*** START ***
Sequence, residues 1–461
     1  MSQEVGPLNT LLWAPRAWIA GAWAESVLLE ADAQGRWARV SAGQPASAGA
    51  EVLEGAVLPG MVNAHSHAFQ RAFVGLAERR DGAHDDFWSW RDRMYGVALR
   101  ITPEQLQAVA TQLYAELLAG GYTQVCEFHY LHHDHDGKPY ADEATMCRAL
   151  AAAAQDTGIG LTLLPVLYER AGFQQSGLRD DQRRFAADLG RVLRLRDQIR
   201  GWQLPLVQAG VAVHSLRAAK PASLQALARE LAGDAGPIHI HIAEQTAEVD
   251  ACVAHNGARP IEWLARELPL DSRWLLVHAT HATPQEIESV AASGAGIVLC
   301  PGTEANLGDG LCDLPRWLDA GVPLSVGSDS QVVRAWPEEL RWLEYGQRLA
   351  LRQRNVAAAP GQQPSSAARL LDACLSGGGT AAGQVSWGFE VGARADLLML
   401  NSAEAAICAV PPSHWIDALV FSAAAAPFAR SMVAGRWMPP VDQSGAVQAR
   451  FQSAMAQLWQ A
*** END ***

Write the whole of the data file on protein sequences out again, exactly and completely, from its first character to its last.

Sequence, residues 1–461
     1  MSQEVGPLNT LLWAPRAWIA GAWAESVLLE ADAQGRWARV SAGQPASAGA
    51  EVLEGAVLPG MVNAHSHAFQ RAFVGLAERR DGAHDDFWSW RDRMYGVALR
   101  ITPEQLQAVA TQLYAELLAG GYTQVCEFHY LHHDHDGKPY ADEATMCRAL
   151  AAAAQDTGIG LTLLPVLYER AGFQQSGLRD DQRRFAADLG RVLRLRDQIR
   201  GWQLPLVQAG VAVHSLRAAK PASLQALARE LAGDAGPIHI HIAEQTAEVD
   251  ACVAHNGARP IEWLARELPL DSRWLLVHAT HATPQEIESV AASGAGIVLC
   301  PGTEANLGDG LCDLPRWLDA GVPLSVGSDS QVVRAWPEEL RWLEYGQRLA
   351  LRQRNVAAAP GQQPSSAARL LDACLSGGGT AAGQVSWGFE VGARADLLML
   401  NSAEAAICAV PPSHWIDALV FSAAAAPFAR SMVAGRWMPP VDQSGAVQAR
   451  FQSAMAQLWQ A